We watched the day pass in the park, leaving at sundown, making a long and snowy trip back home. Content. On the way out of Gardiner, stood a small herd of Bison, peacefully grazing on the newly exposed grass, their backs slowly turning white from the fresh snowfall. As I glanced at them, I thought how similar a look I shall be wearing in a few short weeks. I too will be out in open fields, though not grazing on grass, I have a feeling that even with planting, the snow shall fall some days, and my shoulders also, will have a dusting of snow.
Today, I pack.
As I begin to gather my things and fit them into boxes, I wonder if I will return to Bozeman to live here for another season. The fall, still too far away to begin to know where life will propel me next. This is what the trail ahead is for, having the time to piece together the next plans, whatever they may be. I do my best thinking while walking.
Saturday, April 16, 2011
Where was I now? Oh yes...it took me awhile to get the sprouts underway, but when it's time for something fresh and homegrown, there's no stopping me. I finally hit the books...or rather in this case the internet search engine and went to work. Let me just preface this by saying that growing sprouts is not as daunting as I was making it out to be. In fact, I am surprised that more people don't grow sprouts, because it's fast, convenient and you get a fresh healthy snack. Albeit, the endless warnings of contaminated seeds is a little off putting, and leaves a person wondering "gee, are my seeds good ones or bad?" but I think there is a time when safety concerns need to be put at bay...how else are we ever going to accomplish or do anything? Honestly. If you wash yours seeds thoroughly, and you can even do a flash heat, then it will take care of this little hiccup.
Grow sprouts. They're so refreshing, great on sandwiches, great on salads, great on you...or rather in you.
Here is how you too, can make some sprouts:
First, got buy some sprout seeds. You can find them in the bulk section of your grocery store, order them online, buy seed packets, or....if you've got dried beans/lentils then you can make sprouts.
What are sprouts...you wonder? Dormant seeds. Add some water, and those seeds come to life. Incredible...no?
Step one: Wash your seeds real well. Get a jar, add the seeds, add some warm H2O and do a little shake and dance. Sprouts like to dance, little known fact. Rinse and repeat, 3-4 times.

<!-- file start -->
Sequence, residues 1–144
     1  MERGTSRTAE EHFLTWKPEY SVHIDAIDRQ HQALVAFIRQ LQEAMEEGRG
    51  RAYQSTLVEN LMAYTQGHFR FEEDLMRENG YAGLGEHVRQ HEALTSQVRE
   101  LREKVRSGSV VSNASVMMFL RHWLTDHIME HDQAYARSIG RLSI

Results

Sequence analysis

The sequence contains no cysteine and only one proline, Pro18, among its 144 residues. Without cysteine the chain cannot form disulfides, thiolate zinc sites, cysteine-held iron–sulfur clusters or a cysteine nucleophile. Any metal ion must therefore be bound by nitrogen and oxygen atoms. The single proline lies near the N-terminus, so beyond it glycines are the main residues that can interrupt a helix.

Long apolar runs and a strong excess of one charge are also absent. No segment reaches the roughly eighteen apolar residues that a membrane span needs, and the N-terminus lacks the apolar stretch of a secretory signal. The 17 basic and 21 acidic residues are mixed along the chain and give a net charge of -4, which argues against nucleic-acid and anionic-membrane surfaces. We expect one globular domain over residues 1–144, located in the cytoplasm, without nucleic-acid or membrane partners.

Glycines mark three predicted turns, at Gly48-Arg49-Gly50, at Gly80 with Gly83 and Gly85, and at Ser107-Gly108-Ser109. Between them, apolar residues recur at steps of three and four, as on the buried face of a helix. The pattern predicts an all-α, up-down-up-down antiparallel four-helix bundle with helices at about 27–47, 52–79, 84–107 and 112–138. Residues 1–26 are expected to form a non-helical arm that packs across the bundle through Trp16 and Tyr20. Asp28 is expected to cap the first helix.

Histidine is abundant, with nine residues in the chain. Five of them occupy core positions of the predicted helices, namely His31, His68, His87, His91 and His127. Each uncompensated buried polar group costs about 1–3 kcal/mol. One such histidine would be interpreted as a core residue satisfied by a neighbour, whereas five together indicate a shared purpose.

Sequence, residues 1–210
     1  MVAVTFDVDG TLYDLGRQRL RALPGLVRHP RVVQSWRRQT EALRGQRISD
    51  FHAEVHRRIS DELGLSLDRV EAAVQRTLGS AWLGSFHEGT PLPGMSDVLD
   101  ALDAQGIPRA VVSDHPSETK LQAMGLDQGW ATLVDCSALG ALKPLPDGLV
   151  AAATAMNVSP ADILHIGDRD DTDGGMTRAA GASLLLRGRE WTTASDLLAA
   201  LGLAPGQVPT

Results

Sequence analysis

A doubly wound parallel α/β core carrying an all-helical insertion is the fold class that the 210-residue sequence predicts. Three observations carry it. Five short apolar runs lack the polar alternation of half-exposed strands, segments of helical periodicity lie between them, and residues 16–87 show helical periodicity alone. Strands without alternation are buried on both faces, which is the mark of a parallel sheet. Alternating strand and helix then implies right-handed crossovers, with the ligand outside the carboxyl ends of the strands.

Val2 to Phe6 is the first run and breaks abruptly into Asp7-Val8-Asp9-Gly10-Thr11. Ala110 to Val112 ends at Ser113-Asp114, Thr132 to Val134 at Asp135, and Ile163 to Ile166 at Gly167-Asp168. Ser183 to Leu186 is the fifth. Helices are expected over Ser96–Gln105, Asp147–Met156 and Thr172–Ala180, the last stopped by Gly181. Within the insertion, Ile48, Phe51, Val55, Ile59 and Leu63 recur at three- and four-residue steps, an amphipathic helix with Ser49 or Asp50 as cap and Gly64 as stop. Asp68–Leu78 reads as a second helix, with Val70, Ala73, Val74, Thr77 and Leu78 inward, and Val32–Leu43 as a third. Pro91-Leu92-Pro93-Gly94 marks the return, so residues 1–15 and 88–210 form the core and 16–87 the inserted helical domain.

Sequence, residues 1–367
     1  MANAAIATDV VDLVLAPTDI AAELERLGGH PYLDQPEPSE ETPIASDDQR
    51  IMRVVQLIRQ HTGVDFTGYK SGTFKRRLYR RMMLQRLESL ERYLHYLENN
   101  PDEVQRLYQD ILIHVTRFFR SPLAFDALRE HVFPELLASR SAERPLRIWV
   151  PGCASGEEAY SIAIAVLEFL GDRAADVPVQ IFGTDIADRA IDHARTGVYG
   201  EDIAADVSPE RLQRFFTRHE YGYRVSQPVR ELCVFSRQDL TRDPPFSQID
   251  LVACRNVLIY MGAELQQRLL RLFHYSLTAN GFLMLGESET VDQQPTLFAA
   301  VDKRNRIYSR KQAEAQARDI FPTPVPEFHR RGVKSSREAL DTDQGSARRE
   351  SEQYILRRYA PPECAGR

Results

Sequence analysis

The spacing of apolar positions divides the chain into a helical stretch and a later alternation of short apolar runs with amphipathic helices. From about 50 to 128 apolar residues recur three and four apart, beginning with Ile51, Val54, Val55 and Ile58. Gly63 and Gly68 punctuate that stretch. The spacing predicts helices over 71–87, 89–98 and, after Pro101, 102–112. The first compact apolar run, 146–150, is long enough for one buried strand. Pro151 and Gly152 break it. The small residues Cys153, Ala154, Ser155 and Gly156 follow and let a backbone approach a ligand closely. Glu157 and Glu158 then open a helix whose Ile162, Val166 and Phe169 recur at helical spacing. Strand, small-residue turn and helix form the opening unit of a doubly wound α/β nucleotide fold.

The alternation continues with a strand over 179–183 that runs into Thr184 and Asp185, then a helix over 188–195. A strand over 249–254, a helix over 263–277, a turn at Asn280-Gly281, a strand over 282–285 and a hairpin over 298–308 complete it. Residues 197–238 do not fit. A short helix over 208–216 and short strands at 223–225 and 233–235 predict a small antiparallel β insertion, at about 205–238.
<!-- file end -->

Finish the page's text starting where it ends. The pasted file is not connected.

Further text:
Step two: In a mason jar, add your freshly washed seeds in jar, along with water, to cover all seeds. This is what is going to hydrate the seeds, waking them up from dormancy. You are going to want to let your seeds breath. Get yourself some cheese cloth or even some panty hose, put over mouth of your jar, and seal it with your jar ring. Set in a dark place for 24 hours, the closet is a good place. Or a cupboard if you are feeling a little leary of growing sprouts next to your unmentionables.
Step three: (you do not need to remove cloth/ring combo) drain the water from the jar. Rinse with cool water several times. This is the key to getting great sprouts. You want to keep the seeds moist, but not sitting in a pool of water. Be sure to rinse twice a day, because this will keep the seeds moist AND fresh. Stagnant moisture is no bueno! Return them to a cool dark spot. You will want to rinse the seeds twice a day. Keep this up for a couple days, rinsing with fresh water, until the seeds begin to sprout. Then, once they are looking good, the sprouts growing long, they'll be pretty white/pale looking. Put them in a sunny windowsill for a day (don't forget to rinse still) and they will absorb some chlorophyll and turn a beautiful green. They're now ready for eating. Rinse them one last time, remove from jar and enjoy!
Tuesday, April 12, 2011